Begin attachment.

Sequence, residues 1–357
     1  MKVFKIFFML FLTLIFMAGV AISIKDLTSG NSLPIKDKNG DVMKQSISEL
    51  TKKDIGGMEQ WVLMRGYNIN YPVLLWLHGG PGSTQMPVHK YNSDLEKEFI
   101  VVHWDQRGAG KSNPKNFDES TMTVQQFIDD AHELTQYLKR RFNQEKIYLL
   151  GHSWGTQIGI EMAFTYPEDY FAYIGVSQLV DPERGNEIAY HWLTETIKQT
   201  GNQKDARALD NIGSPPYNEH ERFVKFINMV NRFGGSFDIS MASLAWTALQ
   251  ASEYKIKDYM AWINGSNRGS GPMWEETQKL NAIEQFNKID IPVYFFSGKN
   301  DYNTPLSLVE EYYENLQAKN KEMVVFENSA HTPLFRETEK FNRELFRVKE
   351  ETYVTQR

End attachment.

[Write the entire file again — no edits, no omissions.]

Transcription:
Sequence, residues 1–357
     1  MKVFKIFFML FLTLIFMAGV AISIKDLTSG NSLPIKDKNG DVMKQSISEL
    51  TKKDIGGMEQ WVLMRGYNIN YPVLLWLHGG PGSTQMPVHK YNSDLEKEFI
   101  VVHWDQRGAG KSNPKNFDES TMTVQQFIDD AHELTQYLKR RFNQEKIYLL
   151  GHSWGTQIGI EMAFTYPEDY FAYIGVSQLV DPERGNEIAY HWLTETIKQT
   201  GNQKDARALD NIGSPPYNEH ERFVKFINMV NRFGGSFDIS MASLAWTALQ
   251  ASEYKIKDYM AWINGSNRGS GPMWEETQKL NAIEQFNKID IPVYFFSGKN
   301  DYNTPLSLVE EYYENLQAKN KEMVVFENSA HTPLFRETEK FNRELFRVKE
   351  ETYVTQR